Excerpt: In the motherboard business, it’s about differentiating the product. Once in awhile a motherboard manufacturer like MSI does just that before "the other guy." And that’s where the Z68A-GD65-G3 comes in bringing PCI-Express Generation 3 support and a new UEFI interface to the table.
Summary: In the motherboard business, it’s about differentiating the product. Once in awhile a motherboard manufacturer like MSI does just that before "the other guy." And that’s where the Z68A-GD65-G3 comes in bringing PCI-Express Generation 3 support and a new UEFI interface to the table.
Summary: The MSI Z68A-GD65(G3) Motherboard performed as expected. It also overclocked very well, comparing equally to its competitors.
I was thouroughly impressed with the capabilities of the MSI Z68A-GD65(G3) Motherboard. Having done a few Z68 motherboards already, I found one of MSI's features to be the most useful of them all. This would be the ClickBIOS II software GUI that can be run independently within Windows.
Pros: Excellent Overclocking, PCIe Gen 3, Military Class II, ClickBios II Software, OC Genie II, Lucid Virtu, Intel Quicksync, Intel SSD Caching, Four SATA 6Gb/s Ports, Super Charger, SLI/Crossfire, DrMOS, THX TruStudio PRO, Teaming Genie, 5 Year Warranty
Conclusion: Overall the MSI Z68A-GD65 G3 is an excellent product with a number of high end features. Performance was solid throughout testing, and the Virtu GPU support performed well despite adding on another chip to the GPU performance. Support for multiple expansion devices, power conservation features, and enthusiast level overclocking garners a solid win for team MSI!
Summary: With Z68, many feel that Sandy Bridge has finally come into its own with features that likely should have been included with the original P67 chipset, such as the ability to overclock and use integrated graphics. We didn't touch on that feature too much here today but Intel and board manufacturers are really pushing things like the ability to switch between integrated and discrete graphics automatically.
Summary: We spent a considerable bit of time with the MSI Z68A-GD65 (G3), and during that time, it really grew on us. The new BIOS is very nice and easy to use, matches the board perfectly, and the overclocking features are pretty darn good too. Considering that boards in the same price range don't offer the same overclocking features, nor the software, we've got to give a bit of respect to MSI for delivering on basically every angle possible.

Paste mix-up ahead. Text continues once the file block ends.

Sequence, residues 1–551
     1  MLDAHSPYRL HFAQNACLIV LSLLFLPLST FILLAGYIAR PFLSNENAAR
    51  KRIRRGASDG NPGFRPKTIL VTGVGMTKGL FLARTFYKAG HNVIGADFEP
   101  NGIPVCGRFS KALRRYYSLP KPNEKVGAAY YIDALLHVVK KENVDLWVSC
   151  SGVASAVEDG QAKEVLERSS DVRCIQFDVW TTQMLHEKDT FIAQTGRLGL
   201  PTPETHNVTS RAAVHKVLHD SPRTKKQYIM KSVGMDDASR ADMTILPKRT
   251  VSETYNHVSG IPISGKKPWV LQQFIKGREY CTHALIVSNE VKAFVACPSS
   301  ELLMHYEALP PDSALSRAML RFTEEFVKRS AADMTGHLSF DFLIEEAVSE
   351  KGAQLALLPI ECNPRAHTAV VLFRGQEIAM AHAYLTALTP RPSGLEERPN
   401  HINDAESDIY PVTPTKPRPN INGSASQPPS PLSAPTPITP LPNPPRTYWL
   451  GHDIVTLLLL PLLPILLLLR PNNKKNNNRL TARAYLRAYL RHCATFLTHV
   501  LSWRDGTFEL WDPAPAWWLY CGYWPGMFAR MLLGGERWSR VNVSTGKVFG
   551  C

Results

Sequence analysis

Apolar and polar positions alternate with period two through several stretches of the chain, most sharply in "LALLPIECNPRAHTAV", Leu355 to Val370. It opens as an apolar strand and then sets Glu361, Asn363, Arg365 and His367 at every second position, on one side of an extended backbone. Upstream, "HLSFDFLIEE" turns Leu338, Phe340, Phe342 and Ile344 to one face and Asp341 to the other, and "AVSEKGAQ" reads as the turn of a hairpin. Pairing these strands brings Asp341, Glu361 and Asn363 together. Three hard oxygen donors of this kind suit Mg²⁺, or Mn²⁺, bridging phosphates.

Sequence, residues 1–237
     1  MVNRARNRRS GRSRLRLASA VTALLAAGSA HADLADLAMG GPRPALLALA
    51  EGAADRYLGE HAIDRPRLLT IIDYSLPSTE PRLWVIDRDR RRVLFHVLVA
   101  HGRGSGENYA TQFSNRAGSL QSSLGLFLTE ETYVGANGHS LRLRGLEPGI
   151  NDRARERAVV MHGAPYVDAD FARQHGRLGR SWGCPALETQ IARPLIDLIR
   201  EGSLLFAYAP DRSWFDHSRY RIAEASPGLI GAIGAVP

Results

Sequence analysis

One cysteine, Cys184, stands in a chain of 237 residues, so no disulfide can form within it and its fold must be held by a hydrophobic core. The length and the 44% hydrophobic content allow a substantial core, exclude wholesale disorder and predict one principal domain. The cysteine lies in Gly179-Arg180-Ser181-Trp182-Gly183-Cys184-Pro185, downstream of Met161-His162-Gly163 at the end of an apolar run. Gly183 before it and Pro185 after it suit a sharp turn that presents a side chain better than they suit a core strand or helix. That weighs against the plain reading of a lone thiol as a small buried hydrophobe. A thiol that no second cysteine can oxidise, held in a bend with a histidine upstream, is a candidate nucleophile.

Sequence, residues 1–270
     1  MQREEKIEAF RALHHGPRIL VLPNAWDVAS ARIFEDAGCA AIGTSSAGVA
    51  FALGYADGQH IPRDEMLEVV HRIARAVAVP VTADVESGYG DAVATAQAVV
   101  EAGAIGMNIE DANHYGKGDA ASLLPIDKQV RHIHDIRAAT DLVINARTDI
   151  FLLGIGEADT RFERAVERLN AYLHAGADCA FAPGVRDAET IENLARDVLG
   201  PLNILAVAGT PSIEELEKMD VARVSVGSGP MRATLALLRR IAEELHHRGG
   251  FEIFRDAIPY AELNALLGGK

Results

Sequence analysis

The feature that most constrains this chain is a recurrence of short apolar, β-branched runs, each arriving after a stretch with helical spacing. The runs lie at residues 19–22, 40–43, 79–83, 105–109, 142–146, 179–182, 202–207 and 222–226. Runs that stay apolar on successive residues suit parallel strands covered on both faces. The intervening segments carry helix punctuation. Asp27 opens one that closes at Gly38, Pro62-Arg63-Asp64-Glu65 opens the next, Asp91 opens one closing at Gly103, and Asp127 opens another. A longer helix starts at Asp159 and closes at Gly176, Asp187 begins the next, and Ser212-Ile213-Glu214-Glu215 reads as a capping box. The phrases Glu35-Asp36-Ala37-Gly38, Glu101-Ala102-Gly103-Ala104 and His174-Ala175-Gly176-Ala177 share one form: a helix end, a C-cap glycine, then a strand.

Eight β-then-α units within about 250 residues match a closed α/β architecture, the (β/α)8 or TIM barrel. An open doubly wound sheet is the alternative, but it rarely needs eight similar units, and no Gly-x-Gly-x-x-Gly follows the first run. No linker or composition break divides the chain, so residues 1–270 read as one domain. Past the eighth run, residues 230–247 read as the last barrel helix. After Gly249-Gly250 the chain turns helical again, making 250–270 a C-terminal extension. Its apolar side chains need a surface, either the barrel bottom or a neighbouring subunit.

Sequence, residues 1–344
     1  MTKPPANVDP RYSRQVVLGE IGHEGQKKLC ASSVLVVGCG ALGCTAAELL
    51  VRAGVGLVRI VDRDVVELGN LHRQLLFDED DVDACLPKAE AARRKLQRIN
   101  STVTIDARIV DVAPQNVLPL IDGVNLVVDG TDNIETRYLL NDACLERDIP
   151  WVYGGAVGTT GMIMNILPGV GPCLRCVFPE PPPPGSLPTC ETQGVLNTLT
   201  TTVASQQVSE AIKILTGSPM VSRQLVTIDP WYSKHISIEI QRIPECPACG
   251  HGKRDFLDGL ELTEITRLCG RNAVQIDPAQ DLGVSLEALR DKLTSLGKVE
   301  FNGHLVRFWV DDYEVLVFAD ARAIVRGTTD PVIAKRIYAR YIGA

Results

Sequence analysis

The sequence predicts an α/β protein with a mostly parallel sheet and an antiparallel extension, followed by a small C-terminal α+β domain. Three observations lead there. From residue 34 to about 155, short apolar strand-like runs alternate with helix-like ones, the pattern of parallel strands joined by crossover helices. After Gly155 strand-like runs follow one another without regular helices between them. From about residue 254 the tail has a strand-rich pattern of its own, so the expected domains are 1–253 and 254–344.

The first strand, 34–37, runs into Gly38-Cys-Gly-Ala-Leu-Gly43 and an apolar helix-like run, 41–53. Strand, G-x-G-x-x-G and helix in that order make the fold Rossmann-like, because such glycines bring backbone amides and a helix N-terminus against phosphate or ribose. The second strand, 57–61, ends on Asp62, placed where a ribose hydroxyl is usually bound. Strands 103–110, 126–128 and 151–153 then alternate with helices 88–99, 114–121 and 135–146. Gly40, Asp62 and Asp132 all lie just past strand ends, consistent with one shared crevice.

Pros: Full of overclocker-friendly features, without a high price normally associated with boards ready for extreme overclocking, Exceptional software package, including a custom Linux-based OS for quick Internet access, New MSI EFI BIOS with new design and layout, including support for mouse control and 3 TB+ drives, Lucid Virtu support, One of the best accessory packages yet; nothing missed in functionality no matter your case choice., PCIe Gen 3.0 support, 5-Year warrant...
Cons: BIOS options are spread out on too many pages, Color scheme broken with white SATA ports, OC Genie settings almost too conservative considering the board's potential.
Excerpt: Micro Star International (MSI) released its first over clocking capable 286 mother board in 1987. 24 years later they are still setting the pace for innovation and speed by releasing the first motherboards capable of PCI Express 3.0. Utilizing Intel’s Z68 chip set these motherboards are packed with every feature an enthusiast could be looking for.
Conclusion: The central question to answer before buying the MSI Z68A-GD65 is whether or not you need the new Intel Z68 chipset. Provided you're won over by Intel's Smart Response feature then the MSI Z68A-GD65 oozes quality and features in equal measure - but there's no denying that it is rather expensive.
Conclusion: A cursory glance at the diagram will reveal that Z68 allows for the use of onboard graphics dye. A more interesting feature is the “Intel Smart Response Technology”. This allows the use of a (small capacity; maximum of ~60GB) SSD to complement hard disk performance. In fact Intel sells a specific SSD model (based on SLC) to serve this purpose. Apart from this, there is nothing new here. It is basically an H6x and P67 hybrid.